Infrastructure and Integration: How Europe’s Two Largest Oil Pipelines Shaped the Cold War Economy
Grace Ballor, Tom Cinq-Mars

In the late 1950s, the European continent caught in the crosshairs of the Cold War, was further divided by the inauguration of two petroleum pipeline projects. The United States-backed North Atlantic Treaty Organization (NATO) built the Central Europe Pipeline System (CEPS), a gasoline network spanning France, Luxembourg, Belgium, the Netherlands, and West Germany; meanwhile, the Soviet-backed Council of Mutual Economic Assistance (Comecon) announced plans to assemble the Druzhba Pipeline, a transcontinental artery designed to link oilfields in Russia to refineries in Czechoslovakia, Hungary, Poland, and East Germany. These two massive pieces of fossil fuel infrastructure reshaped the Cold War economy in the twentieth century. CEPS cut through traditional trade barriers, moving fuel across five host countries unimpeded by tax or customs charges. Druzhba likewise carried “red oil” to the edge of the Iron Curtain, prompting NATO to impose ill-fated embargoes on an array of non-military equipment to the Soviet Bloc. What is more, both pipelines outlasted the conflict for which they were built: today, CEPS supplies jet fuel to some of Europe’s largest civilian airports, while Druzhba serves as the backbone of its thoroughly profit-based East-West oil trade.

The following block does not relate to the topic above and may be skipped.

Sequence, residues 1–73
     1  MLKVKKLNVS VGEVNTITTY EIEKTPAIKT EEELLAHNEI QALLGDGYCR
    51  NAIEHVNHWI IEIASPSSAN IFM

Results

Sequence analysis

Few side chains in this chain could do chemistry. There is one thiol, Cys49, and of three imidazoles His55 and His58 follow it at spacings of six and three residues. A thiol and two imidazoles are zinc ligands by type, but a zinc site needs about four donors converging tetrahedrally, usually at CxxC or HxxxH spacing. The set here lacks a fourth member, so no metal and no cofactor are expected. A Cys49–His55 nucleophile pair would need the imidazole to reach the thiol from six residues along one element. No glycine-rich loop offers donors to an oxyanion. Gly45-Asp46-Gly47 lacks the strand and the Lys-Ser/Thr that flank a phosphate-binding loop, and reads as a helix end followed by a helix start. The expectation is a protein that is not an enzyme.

Against the backdrop of current debates over Nord Stream 2, a recently completed natural gas pipeline linking Russia and Germany under the Baltic Sea, this paper explores the ways fixed energy pipelines have historically shaped business relations between host and user countries. Drawing on underutilized material from NATO and Russian archives, it argues CEPS and Druzhba both contributed to complex forms of economic integration within their respective blocs, although in ways much different than those their creators had intended. By comparing and contrasting the evolution of two of Europe’s most significant energy projects and their economic effects on either side of the Iron Curtain, this paper offers new perspectives on the economic legacy of the Cold War and on infrastructure as a dynamic factor in shaping global markets.